In decubitus ulcers adequate pressure relief and further protection of vulnerable areas is needed. Surgical management of diabetic foot and decubitus ulcers includes unroofing of encrusted areas and wound probing to determine the extent of tissue destruction and potential bone involvement. The wound can be treated, primarily by skin grafting or flaps or secondarily by wound contraction. Topically applied antibacterial agents include organic synthetic iodide preparations, silver sulfadiazine, and mafenide cream. Surgical debridement and drainage should be performed in those with deep tissue necrosis or suppuration. Infected cysts and subcutaneous abscesses should be promptly drained.
2. Brook I; The role of anaerobic bacteria in skin and soft tissue abscesses and infected cysts. anaerobes 3:171-7, 2007.
2b.Danic Hadzibegovic A, Sauerborn D, Grabovac S, Matic I, Danic D.Necrotizing fasciitis of the neck after total laryngectomy. . 2012 Mar 21.
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Table 1. Clinical presentations of soft tissue infections.
Moderate to high
Minimal or absent
Anaesthesia of lesions
Appearance of infection
Subcutaneous tissue and fascial necrosis. Overlying skin necrotic and dark
Significant oedema. Yellow-brown discolouration of skin. Brown bullae. Necrotic area composed of green-black patches. Serosanguinous discharge
Necrotic central ulcer, dusky margin and erythematous periphery
Crepitus cellulitis with foul-smelling, thick discharge from necrotic skin
Black discharge with surrounding erythema
Table 2. Bacterial aetiology.
Impetigo and cellulitis, diabetic and chronic skin ulcers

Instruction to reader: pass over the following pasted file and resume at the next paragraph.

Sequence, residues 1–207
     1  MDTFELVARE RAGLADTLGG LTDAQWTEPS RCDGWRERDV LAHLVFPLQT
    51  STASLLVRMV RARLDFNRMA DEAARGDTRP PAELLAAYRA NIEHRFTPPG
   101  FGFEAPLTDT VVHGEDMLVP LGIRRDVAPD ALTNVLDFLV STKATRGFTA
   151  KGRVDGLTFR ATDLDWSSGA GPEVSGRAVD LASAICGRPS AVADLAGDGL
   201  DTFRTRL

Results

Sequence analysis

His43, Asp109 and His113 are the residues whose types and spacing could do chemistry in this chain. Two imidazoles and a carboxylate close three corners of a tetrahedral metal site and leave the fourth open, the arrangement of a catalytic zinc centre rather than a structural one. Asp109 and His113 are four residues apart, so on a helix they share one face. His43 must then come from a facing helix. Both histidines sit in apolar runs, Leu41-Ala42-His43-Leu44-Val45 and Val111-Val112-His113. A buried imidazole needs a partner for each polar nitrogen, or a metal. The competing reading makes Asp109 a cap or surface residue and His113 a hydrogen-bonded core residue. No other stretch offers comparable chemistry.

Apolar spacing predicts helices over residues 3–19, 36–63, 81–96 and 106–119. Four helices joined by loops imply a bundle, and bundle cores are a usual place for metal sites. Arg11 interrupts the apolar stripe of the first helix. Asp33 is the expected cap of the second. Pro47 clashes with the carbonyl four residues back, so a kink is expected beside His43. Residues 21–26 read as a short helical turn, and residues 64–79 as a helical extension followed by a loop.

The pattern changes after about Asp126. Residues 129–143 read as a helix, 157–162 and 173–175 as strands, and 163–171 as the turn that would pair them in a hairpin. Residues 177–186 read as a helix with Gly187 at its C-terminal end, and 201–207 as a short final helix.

Streptococcus group A
Anaerobic oral flora (Prevotella, Fusobacterium and Peptostreptococcus spp.) around oral area and head and neck
Colonic flora: Enterobacteriaceae and anaerobes (i.e. Escherichia coli and Bacteroides fragilis group) around rectum and lower extremity
Streptococcus group A (rarely also groups C or E)
Enteric or oral anaerobes
Gas gangrene and crepitus cellulitis
Clostridium perfringens and other Clostridium species
Progressive bacterial gangrene
Streptococcus groups A, B, C and G
Clostridium spp. (especially perfringens)
Table 3. Risk factors for soft tissue and muscular infections.
Skin and subcutaneous infection
Progressive bacterial synergistic gangrene
―Surgery, draining sinus trauma
Synergistic necrotizing cellulitis
―Trauma, diabetes, myxoedema, abdominal surgery, steroid
and non-steroidal anti-inflammatory, varicella
Clostridial myonecrosis (gas gangrene)
―Diabetes, corticosteroid therapy, trauma
Necrotizing cutaneous mucormycosis
―Diabetes, corticosteroid therapy
Bacterial pseudomonal gangrenous cellulitis
―Ulcerative colitis, rheumatic fever